Yeah, let’s assume the music is good. It often isn’t good though, and a lot of good and/or expensive self-promotion goes into very bad or painfully mediocre music. I won’t go too much into that, because while well-promoted bad music is all over the internet and people’s ears, it hardly ever lasts.
In the age of the Internet and social media, I think the idea that “if the music is good, people will listen to it” is especially counter-productive. Coupled with the fact that there’s so much music around right now that people forget in August the artist who made their favourite tune of July, I think just making good music isn’t good enough. Sending it to a few friends and hoping for the best won’t cut it: people won’t hear your music, and if they do, they probably won’t care.
Some solutions are, as you said, paying for likes or reposts or to spam the hell out of everything. This is usually counter-productive, especially if the tune in question is the first bit of music people hear from you. People, and DJs in particular will associate you with being a spam guy, and may start ignoring you. Keep in mind that most music isn’t good. Couple that with being an unknown spamming people who check out music for a living and you’ll realise that your tune being on par with the best stuff out there won’t save it from being chucked out with the rest of the spammy promos.
I think the key to getting your music heard is longevity. I’ve been seeing a lot of ebooks, forum posts, YouTube videos, etc, talk about doing hardcore promo for even the first tune you feel is good enough to ‘release’ (which, to my initial surprise, now means uploading it to SoundCloud as a free download with some artwork - which is fine by the way). I don’t think this works necessarily. You could blow up if you’re that month’s luckiest bedroom EDM producer in the world, sure, but not in dubstep or any other niche bass music genre. What I’m saying, I guess, is that if you feel your music is good enough to be out in the world, you should patiently work on building a following, and slowly grow both as an artist and a ‘marketeer’/someone who wants to build a career out of this.
This is not done by buying reposts, shares, or anything. I don’t even think hitting up blogs is at the core of it either (it is very useful if you’re releasing an EP or an album, obviously, and the role of blogs is probably different in more mainstream forms of electronic music). You should hit up a couple of DJs with your best 2 or 3 tunes, upload some bits to SoundCloud, give away a free download or two at some point, talk to people at nights, do promo mixes, etc, to get a couple of people to start listening to your stuff and support you.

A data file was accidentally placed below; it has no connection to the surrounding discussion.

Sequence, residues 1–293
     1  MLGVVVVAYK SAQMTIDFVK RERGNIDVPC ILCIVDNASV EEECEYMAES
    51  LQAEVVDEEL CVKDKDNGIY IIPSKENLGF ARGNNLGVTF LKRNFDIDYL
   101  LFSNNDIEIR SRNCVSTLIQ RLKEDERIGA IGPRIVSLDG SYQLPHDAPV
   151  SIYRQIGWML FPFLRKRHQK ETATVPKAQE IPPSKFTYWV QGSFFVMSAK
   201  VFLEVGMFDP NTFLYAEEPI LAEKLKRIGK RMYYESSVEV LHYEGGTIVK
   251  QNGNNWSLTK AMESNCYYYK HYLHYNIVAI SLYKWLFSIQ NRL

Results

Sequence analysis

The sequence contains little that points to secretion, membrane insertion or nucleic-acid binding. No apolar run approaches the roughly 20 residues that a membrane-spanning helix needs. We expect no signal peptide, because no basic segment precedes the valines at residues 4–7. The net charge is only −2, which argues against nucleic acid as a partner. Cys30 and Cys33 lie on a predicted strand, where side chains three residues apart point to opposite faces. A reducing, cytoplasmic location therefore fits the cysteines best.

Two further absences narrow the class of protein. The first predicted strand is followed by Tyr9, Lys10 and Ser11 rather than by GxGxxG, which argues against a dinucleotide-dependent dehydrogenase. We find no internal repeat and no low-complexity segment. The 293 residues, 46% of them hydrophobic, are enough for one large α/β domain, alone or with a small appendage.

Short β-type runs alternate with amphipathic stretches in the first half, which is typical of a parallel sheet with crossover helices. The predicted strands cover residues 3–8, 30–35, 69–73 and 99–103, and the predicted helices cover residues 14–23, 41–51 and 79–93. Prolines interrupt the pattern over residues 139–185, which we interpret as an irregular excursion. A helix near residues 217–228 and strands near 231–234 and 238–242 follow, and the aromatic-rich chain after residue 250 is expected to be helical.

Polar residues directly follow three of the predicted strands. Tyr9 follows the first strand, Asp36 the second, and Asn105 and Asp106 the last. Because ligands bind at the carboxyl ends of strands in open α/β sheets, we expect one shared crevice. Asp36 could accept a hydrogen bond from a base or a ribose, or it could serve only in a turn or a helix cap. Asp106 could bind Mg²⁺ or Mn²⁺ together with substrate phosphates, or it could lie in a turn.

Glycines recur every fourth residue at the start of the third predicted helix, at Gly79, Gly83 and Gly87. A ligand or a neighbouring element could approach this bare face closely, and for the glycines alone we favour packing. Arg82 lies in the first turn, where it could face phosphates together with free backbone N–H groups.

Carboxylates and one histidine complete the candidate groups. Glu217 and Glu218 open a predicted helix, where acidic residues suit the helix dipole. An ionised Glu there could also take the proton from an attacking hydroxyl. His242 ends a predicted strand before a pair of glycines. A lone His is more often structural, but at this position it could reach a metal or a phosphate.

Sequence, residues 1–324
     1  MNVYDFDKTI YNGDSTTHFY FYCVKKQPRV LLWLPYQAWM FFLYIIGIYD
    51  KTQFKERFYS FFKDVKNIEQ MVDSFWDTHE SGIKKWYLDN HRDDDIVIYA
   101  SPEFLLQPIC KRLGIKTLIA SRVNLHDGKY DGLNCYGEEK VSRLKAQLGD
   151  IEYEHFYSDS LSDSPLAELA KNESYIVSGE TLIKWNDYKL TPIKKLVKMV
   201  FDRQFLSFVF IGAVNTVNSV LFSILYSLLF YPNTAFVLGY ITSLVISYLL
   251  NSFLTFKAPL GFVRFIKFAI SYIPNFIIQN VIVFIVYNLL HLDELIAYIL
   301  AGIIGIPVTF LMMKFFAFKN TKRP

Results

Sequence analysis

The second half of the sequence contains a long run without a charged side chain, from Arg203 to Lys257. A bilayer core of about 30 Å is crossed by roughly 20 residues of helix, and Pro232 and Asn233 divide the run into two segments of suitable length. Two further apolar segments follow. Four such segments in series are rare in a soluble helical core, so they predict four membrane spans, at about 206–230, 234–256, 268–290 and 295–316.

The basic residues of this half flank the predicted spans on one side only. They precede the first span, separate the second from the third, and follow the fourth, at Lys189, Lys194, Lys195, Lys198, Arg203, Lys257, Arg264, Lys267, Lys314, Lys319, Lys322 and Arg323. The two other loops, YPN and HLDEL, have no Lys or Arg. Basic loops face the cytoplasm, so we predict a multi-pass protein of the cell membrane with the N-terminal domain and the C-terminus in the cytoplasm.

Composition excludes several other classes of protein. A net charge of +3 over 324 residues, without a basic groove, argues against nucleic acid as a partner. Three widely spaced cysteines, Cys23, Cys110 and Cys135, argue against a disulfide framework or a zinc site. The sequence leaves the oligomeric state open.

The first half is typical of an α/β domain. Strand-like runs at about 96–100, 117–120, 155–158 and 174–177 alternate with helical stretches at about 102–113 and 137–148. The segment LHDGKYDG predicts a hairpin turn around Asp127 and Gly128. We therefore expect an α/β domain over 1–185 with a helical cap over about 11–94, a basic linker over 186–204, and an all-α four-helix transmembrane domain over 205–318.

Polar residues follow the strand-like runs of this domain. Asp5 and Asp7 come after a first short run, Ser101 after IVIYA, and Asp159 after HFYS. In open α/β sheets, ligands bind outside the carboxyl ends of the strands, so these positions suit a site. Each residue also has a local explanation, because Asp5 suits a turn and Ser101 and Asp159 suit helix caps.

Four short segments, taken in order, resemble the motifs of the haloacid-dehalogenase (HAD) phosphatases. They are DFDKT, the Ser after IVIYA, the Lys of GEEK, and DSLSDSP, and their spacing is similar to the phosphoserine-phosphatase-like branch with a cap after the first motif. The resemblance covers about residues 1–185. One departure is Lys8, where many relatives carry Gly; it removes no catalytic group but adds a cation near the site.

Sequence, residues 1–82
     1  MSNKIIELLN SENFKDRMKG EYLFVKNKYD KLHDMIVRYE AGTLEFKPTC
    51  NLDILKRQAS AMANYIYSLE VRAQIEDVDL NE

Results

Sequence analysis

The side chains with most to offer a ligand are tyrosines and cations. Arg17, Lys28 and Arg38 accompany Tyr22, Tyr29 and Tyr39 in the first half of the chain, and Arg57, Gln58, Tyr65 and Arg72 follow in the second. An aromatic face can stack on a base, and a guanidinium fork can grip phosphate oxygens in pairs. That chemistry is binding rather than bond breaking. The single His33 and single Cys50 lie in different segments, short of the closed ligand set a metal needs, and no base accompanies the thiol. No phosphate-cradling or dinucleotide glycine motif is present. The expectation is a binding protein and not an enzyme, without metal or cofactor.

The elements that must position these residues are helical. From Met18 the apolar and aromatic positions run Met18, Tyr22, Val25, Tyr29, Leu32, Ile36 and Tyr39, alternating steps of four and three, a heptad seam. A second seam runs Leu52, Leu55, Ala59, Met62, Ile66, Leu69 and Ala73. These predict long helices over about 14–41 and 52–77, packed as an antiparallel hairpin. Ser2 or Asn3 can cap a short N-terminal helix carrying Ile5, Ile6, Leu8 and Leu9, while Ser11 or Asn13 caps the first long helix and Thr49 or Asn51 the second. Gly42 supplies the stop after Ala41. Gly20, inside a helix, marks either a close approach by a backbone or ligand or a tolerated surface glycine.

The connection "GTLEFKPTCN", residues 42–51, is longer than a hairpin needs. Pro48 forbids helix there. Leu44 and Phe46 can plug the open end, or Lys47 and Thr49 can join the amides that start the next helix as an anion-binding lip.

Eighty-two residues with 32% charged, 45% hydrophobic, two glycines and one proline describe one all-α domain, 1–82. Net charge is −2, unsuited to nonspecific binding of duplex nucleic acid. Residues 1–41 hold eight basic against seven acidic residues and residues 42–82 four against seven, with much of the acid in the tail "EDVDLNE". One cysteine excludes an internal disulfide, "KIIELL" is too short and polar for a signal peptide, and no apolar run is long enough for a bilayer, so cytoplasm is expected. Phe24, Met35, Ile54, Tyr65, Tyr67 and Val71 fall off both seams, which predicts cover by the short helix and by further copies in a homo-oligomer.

Obviously that’s not enough. Next you could try and get some DJ bookings, maybe collab with some producers whose music you’re into, or release an EP on Bandcamp.
Finally, and most importantly, in the social media age, to cut through the noise, you should focus on engagement. Get some followers on social media. Real ones, not paid bots. Also don’t follow and unfollow people on Twitter. Don’t tag 90 people in your Facebook posts. Just ride it out, make good stuff, and provide your listeners with a steady(ish) stream of ‘content’ (yikes). Using Facebook, Twitter, Snapchat, Instagram, or whatever, ask people questions about music or other stuff that’s important to you and your listeners, post a relevant meme from time to time, share videos of what you do in the studio (btw, the studio is usually the bedroom, that’s absolutely fine), post music or art you like so people can see what you’re about. Retweet a friend’s awesome album. That kind of thing.
People will see you, some people will remember you, and there will probably be some people who will support you and your music. Don’t watch the numbers on social media too much. As long as they’re going up and not down it’s good. It’s better to have 50 long-term fans than 10.000 plays on one track. The fans will be there next week; those 10.000 plays probably won’t be worth much by that time.
TL;DR If you focus on promo on a tune-by-tune basis, you will probably be forgotten right after most people’s first play. Focus on engaging with people who are actually prone to liking what you make, and things might work out.